Co-sleeping and Babywearing in Swedish Hospital

Yesterday I found out about a beautiful change taking place at the hospital here in Umeå, Sweden. Turns out that our hospital is one of the first in all of Sweden in introducing babywearing and co-sleeping to all new parents after birth.

Before they have had these sort of sterile plastic beds on wheels in all post delivery rooms for parents to use for their newborns, but now they are changing all of those to baby wraps and baby nests to encourage closeness and safe co-sleeping.

Personally I think that it is a positive change as I would have never dreamed of putting my tiny fresh little person in that plastic thing away from me. But I know we are all different and I think our own choice of how we want to birth and parent our own babies are the most important and all parents can decide for themselves how they want to do it. Therefor I still think it is good that the hospital is keeping some of those plastic beds around if anyone specifically asks for them.

The big difference I think is that simply by presenting baby wearing and co-sleeping as the primary option the hospital is helping in creating a great acceptance and trust in those two practices. A lot of new parents doubt their own ability to know the best way to care for their children and trust that the way that it's done in the hospital has to be safest and most recommended way. So the former practice of putting newborns in those beds on wheels in addition to the general idea that "independent" babies = good babies, that co-sleeping might be dangerous and baby wrapping difficult really means you needed to be sure that that's what you wanted to do to even try it.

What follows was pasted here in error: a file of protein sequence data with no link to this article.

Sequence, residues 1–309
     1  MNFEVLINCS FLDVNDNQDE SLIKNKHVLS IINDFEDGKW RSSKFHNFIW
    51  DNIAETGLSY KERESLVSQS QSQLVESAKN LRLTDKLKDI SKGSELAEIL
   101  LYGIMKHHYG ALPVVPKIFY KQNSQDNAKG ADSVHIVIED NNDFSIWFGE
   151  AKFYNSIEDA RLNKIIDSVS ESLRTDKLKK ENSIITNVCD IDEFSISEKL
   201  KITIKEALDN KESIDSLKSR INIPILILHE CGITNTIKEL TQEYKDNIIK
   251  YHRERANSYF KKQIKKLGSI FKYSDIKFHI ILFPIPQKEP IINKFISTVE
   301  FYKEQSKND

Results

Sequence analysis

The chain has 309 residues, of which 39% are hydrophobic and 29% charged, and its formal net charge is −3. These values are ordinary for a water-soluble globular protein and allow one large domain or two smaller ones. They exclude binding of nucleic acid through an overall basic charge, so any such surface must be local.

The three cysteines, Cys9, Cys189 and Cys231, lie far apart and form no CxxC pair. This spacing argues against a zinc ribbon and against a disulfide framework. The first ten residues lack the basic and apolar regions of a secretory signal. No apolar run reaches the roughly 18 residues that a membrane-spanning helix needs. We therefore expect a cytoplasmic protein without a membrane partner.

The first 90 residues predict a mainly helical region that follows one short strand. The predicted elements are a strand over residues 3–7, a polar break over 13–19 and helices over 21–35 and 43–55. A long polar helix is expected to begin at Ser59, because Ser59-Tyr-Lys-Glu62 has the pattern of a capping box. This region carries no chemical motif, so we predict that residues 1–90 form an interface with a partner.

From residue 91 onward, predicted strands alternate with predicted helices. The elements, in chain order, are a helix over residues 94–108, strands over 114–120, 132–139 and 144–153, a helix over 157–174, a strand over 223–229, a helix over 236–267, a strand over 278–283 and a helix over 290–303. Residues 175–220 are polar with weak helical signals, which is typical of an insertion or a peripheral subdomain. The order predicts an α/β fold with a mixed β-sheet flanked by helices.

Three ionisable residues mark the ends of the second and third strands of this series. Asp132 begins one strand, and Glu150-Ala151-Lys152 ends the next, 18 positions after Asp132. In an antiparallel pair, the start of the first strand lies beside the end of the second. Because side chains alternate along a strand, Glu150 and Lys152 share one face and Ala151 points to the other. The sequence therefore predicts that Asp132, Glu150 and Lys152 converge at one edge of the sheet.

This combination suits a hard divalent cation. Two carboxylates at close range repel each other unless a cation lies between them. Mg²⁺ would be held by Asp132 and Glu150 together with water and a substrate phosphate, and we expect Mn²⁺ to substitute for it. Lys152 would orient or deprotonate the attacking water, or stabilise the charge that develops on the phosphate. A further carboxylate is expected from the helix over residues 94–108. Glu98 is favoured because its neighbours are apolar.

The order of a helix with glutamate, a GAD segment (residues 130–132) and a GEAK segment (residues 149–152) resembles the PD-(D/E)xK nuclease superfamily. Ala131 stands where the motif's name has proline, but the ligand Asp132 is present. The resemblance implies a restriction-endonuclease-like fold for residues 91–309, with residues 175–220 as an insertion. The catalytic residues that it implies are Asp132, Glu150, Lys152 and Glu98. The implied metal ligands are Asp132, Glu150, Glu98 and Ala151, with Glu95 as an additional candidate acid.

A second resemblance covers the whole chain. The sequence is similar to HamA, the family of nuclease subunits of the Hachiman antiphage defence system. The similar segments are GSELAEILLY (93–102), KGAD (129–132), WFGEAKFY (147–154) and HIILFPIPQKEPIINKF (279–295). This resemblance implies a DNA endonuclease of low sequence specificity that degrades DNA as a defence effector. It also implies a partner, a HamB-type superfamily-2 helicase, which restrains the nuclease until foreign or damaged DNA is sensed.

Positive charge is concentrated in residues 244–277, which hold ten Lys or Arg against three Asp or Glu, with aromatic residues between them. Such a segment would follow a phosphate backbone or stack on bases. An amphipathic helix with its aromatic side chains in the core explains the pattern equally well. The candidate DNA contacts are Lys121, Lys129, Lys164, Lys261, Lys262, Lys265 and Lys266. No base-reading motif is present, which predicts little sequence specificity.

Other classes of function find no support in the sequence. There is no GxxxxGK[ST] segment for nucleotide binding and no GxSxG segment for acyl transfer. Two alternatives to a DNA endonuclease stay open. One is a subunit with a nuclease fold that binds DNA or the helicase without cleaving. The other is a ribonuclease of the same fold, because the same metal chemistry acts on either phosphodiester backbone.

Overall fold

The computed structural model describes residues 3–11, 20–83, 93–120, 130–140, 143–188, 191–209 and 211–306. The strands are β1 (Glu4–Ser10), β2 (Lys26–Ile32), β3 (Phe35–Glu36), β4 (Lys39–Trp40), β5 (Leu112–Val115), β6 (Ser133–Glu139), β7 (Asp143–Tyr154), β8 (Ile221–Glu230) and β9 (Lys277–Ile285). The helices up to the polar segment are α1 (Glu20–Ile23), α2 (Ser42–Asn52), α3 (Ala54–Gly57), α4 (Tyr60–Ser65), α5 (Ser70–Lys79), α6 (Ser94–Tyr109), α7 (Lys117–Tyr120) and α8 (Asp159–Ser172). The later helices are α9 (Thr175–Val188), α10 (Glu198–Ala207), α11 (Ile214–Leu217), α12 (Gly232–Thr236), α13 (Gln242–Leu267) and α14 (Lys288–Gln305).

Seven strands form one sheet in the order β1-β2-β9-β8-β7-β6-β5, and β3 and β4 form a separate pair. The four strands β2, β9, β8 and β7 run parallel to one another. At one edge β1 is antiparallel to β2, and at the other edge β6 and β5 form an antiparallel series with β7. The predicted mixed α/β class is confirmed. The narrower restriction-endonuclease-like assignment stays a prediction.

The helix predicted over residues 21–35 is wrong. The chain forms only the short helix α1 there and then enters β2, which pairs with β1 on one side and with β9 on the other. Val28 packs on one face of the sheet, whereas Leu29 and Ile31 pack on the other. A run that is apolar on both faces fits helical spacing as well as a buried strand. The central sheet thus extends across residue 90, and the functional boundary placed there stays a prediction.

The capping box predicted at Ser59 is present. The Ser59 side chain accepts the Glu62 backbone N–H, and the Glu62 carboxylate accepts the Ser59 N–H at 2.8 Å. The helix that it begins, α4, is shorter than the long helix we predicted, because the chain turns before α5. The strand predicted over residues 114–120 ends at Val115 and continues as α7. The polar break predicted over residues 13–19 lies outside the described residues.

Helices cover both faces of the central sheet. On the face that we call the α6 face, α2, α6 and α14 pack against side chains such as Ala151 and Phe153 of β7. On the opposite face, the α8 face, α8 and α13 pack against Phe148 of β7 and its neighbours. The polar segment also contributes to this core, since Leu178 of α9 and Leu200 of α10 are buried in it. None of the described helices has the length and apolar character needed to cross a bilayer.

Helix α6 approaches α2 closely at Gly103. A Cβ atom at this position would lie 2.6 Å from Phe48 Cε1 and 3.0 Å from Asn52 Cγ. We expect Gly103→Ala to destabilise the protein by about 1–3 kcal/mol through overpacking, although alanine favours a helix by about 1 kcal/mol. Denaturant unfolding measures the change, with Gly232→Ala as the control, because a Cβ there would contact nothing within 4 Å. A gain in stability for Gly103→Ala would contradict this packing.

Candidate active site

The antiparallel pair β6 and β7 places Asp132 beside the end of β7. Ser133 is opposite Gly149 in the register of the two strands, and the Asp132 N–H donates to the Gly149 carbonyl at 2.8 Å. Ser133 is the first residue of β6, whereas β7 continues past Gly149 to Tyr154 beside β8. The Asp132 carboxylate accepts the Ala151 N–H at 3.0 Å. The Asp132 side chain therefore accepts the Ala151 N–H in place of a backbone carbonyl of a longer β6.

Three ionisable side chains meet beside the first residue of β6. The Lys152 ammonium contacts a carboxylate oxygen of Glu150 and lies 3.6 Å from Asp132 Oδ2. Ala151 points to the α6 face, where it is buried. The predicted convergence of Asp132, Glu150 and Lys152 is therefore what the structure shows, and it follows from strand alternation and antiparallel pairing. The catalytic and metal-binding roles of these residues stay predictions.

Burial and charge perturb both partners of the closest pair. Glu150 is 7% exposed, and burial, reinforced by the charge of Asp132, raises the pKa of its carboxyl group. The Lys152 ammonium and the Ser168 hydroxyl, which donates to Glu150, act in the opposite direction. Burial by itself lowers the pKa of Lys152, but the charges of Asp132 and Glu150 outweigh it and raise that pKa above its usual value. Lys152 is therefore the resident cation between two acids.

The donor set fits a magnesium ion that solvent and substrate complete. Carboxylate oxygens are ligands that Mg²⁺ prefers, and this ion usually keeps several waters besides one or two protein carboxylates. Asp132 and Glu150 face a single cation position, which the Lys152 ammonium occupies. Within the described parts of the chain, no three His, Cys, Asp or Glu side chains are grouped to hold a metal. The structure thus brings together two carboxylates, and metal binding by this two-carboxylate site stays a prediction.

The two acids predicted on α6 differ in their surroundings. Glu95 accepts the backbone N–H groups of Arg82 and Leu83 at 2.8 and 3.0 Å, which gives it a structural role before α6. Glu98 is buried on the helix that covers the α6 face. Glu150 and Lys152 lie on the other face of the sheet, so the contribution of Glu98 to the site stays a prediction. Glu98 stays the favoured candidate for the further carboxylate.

Now that babywearing and co-sleeping is becoming the general practice in the hospital I think a lot of people who felt insecure about it before will give it a try and hopefully it will help both babies and moms be both healthier and happier. Research is showing benefits of co-sleeping and babywearing to be everything from easier breastfeeding and more peaceful sleep to decreased risk of postpartum depression and SIDS, and a WHOLE lot more. I promise, google it if you don't believe me. Also, without that kind of clear research these kinds of "hippie/primitive" changes would never get in to a hospital. I just wonder where we even got the idea to stop doing this in the first place...

Here is the clip from the news announcing these changes and why, in Swedish.